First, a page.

3. Middle of March is the start of “Spring Break” in a number of places (TX, AL, possibly others) here in the South. Lots of people headed to the beach might want something to read.

  4. If I may, I would like to again express my sincerest thanks to Amanda for taking on the RWA fiasco, and for the rest of you for adding your witty and informed comments. As I said in the comments of the first installment, if not for finding this blog I would have surely thought I was a lone wolf howling insanely because NO ONE was saying a word against the goddess divine Courtney Milan.

    Now, as we enter Week #2 of the still-raging storm, more authors are speaking out, although not too vocally as they get eaten alive real quick. At least it is a start and it helps RWA members and authors like me to become braver. In fact, I am now brave enough to reveal that Siobhan is a pen name used briefly for a couple of novellas I wrote. Most of my novels are under my real life name, which is…. drum roll… Sharon Lathan


    Whew! Sky did not fall! Not yet anyway. LOL!

    Again, thanks SO much. I really love this blog and will be checking in often, RWA crap blogs or others. 🙂

  5. Did he drink too much celebrating the tragic death of that wonderful Quds commander?

    With some of the recent controversies here, I’ve found myself wondering if the seemingly incomprehensible positions could be explained simply in terms of Romance readers and writers having mindsets that I find very alien. So, I have some questions about the romance genre.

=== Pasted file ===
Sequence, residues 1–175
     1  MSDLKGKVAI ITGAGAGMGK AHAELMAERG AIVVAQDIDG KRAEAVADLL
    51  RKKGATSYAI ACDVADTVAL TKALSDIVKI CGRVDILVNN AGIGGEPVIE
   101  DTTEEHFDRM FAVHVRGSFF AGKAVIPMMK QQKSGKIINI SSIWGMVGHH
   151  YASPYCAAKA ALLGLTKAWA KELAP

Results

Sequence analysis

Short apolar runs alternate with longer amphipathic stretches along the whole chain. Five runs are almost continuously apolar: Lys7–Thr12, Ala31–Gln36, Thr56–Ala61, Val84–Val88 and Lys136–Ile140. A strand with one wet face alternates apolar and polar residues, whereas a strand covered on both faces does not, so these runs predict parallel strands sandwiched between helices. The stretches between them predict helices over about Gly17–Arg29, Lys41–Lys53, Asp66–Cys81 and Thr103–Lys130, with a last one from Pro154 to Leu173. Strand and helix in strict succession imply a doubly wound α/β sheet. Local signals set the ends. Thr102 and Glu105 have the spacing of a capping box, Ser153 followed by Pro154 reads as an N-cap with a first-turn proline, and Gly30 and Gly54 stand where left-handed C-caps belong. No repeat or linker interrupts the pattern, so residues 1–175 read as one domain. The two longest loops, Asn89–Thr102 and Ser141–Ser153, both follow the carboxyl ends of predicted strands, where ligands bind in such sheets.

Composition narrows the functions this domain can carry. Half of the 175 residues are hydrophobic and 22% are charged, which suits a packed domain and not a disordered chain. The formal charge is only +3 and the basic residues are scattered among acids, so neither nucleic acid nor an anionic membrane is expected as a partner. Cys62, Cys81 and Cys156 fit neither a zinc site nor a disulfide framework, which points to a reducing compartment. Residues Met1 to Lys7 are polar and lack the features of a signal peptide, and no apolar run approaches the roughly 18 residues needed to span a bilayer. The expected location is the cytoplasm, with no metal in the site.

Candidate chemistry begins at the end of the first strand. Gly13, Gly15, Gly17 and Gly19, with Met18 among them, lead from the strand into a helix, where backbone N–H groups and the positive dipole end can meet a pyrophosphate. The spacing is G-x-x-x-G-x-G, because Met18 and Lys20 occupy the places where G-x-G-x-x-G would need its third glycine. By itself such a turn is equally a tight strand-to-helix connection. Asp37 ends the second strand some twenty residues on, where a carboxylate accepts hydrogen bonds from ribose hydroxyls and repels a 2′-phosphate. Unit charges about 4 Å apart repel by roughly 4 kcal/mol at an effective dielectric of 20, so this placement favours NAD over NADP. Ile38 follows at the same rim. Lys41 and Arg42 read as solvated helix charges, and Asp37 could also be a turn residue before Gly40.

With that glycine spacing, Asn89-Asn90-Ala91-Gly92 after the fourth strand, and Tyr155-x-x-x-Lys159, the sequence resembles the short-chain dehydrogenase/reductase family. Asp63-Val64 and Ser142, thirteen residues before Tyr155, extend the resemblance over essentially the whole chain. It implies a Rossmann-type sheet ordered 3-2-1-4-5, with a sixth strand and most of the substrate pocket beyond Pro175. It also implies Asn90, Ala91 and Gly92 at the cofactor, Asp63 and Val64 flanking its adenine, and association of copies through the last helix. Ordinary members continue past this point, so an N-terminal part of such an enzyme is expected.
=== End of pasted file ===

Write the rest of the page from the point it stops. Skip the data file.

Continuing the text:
Am I correct in remembering people mentioning historical romances with heroines who were disproportionately written engaged in feminist activism, compared to more period probable activities?

    Would a 1950s historical romance work if the heroine was running an illegal abortion practice?

    How about if the motivation was a period correct eugenics one, perhaps defined in racial terms?

    Does romance cover a wide enough range of subgenres that there is room for something that is both a romance and a psychotically paranoid thriller?

    What is the definition of Romance? How does it compare with the definition of pornography?

    1. Am I correct in remembering people mentioning historical romances with heroines who were disproportionately written engaged in feminist activism, compared to more period probable activities?

      That’s my experience, too.

    2. It depends on how much of a know-it-all the writer wants the heroine to be. Traditionally you got a lot of fun and drama out of your historical characters not knowing the future, but not so.much now.

      It is possible that some Woke readers no longer recognize historical irony or.imperfect heroines as acceptable story techniques, because their heads have been kept in a bubble; and so they want everyone else bubbleheaded, too.

      1. But there are also the readers who object to the inaccuracies.